A year ago on Tuesday, the Israeli government held a bombastic ceremony in the Golan Heights to inaugurate Ramat Trump – Hebrew for “Trump Heights” – a new settlement named for the American president as a gesture of thanks for recognizing Israel’s sovereignty over the territory in March 2019.
Today the once gold-lettered Ramat Trump sign is in a pitiful state. Most of the letters have been stripped off by vandals, and the crossed Israeli and American flags are hanging on by a few loose nails. Construction has yet to begin and the weeds grow high.
David Katz is a plain-talking, American-born Israeli cowboy living in the Golan. With his Jack Russell dog in his lap and a horse whinnying in a nearby paddock, he was forthcoming about plans advanced Sunday to build a new settlement named for Donald Trump a couple thousand feet from his porch: “When you plant a tree crooked, it won’t go straight — this is Ramat Trump.”
Katz lives in Qela, a community of 298 people in the northern Golan Heights that will soon be neighbors to a new settlement named for the US president. Not everyone is enthusiastic.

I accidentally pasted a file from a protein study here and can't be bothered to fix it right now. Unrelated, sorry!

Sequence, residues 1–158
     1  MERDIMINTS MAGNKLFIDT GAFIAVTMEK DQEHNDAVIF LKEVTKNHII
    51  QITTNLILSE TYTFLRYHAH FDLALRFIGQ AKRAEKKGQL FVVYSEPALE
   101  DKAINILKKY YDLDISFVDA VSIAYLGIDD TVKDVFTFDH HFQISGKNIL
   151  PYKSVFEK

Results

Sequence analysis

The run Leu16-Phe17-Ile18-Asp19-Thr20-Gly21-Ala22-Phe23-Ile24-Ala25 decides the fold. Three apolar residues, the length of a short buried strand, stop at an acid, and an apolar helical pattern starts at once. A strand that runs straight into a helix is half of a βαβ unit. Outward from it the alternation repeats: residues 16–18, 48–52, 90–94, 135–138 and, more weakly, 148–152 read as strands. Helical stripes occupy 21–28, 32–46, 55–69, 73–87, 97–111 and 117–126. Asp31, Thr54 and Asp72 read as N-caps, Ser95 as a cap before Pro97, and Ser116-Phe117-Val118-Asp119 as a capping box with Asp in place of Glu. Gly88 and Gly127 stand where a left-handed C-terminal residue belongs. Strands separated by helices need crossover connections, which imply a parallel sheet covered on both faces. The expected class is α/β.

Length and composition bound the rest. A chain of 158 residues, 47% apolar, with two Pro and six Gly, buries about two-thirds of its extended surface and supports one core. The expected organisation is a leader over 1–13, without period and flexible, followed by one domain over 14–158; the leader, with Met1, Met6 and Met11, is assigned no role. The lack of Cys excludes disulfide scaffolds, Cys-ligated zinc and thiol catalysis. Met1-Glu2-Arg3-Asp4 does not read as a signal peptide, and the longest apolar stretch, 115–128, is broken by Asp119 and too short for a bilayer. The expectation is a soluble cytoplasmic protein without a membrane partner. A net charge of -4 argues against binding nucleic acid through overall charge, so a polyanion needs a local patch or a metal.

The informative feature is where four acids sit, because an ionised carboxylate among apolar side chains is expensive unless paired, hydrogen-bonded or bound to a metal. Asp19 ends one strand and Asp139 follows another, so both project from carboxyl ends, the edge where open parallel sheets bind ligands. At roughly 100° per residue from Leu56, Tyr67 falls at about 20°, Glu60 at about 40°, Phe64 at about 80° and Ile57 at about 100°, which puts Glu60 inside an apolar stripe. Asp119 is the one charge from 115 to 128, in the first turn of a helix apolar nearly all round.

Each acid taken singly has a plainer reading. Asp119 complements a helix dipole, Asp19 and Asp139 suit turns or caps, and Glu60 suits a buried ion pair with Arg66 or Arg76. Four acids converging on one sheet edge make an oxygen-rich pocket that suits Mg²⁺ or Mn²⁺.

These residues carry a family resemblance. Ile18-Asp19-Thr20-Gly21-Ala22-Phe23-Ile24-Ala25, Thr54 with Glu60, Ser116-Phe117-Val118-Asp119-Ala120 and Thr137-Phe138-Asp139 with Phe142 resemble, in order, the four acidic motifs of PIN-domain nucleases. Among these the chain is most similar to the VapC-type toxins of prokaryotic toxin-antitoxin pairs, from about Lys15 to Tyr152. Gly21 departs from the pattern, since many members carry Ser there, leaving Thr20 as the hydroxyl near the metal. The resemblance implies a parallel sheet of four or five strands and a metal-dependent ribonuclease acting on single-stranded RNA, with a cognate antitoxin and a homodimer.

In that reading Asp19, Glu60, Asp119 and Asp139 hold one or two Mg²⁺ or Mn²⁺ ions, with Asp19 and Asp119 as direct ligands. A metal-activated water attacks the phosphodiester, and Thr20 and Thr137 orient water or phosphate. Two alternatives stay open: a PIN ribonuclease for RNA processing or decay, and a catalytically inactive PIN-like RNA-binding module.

On a hot June day in 2019, scores of government ministers, aides, security details and organizers overwhelmed the tiny community for a brief Cabinet meeting and ceremony that culminated with the unveiling of an enormous sign.
“Many years have passed since we founded a new settlement in the Golan Heights, and today it’s happening,” Israeli Prime Minister Benjamin Netanyahu said, standing before an enormous sign bearing the name “Trump Heights” in gold letters in Hebrew and English. Netanyahu said he hoped that “Ramat Trump will give renewed momentum to the development of the Golan Heights.”